On The Road Again, A Year Later

Teatro Morlacchi at Umbria. All Photos by Tim Dickeson.

It has been a year since my piece "On The Road Again: A Jazz Festival Journal From A Summer Of Plague And War" appeared, in the November 2022 issue of this magazine. It described three European jazz festivals I attended in July 2022.

In July 2023, I returned to Europe to attend two festivals. The COVID-19 plague and its fallout had significantly subsided. The war in Ukraine was still raging, but this time I didn't get near it. In 2022, I went to a festival in Romania, which borders Ukraine. In 2023, I only went to Italy.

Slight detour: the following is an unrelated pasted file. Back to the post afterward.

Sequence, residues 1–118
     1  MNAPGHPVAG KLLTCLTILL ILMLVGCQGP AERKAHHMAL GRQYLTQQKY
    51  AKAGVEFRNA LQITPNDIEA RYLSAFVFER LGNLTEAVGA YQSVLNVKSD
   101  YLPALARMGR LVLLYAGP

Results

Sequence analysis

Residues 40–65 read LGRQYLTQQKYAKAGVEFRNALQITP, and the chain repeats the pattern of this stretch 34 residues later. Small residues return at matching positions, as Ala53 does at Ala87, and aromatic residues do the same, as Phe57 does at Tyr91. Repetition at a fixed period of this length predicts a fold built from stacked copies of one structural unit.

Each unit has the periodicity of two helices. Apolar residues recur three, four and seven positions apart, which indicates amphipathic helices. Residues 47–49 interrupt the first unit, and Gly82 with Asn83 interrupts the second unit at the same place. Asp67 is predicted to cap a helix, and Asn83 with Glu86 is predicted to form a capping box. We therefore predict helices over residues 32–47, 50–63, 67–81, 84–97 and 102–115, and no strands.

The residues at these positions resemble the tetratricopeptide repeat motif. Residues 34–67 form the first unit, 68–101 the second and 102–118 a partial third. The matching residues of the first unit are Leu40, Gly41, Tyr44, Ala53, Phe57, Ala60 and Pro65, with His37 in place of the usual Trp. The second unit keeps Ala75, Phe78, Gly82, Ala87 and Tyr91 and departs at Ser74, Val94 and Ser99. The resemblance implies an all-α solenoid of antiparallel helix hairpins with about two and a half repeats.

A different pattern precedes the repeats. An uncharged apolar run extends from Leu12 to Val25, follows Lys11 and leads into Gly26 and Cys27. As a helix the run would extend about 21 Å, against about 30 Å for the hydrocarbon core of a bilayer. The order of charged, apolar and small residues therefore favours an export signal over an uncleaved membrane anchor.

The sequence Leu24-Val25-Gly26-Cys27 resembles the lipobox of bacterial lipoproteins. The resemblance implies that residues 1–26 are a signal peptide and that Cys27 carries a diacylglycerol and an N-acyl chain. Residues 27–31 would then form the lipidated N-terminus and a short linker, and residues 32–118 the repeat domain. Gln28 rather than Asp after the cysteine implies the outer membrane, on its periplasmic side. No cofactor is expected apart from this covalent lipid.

Like the year before, my first 2023 stop was the Südtirol Jazz Festival. It is based in Bolzano but extends beyond it to other sites in the northernmost province of Italy, bordering Austria. It is a region most tourists, in their pilgrimages to Rome, Florence, and Venice, never see. It is one of the most beautiful places on earth. The Südtirol festival deeply integrates its music into its extraordinary physical environment. Concerts are often set on the cliffs and in the valleys of two mountain ranges. Crumbling castles and terraced vineyards cling to the sheer sides of the emerald green Italian Alps. The silver Dolomites, with their jagged massifs, tower even higher in the sky. Sometimes reaching the music requires two cable car rides.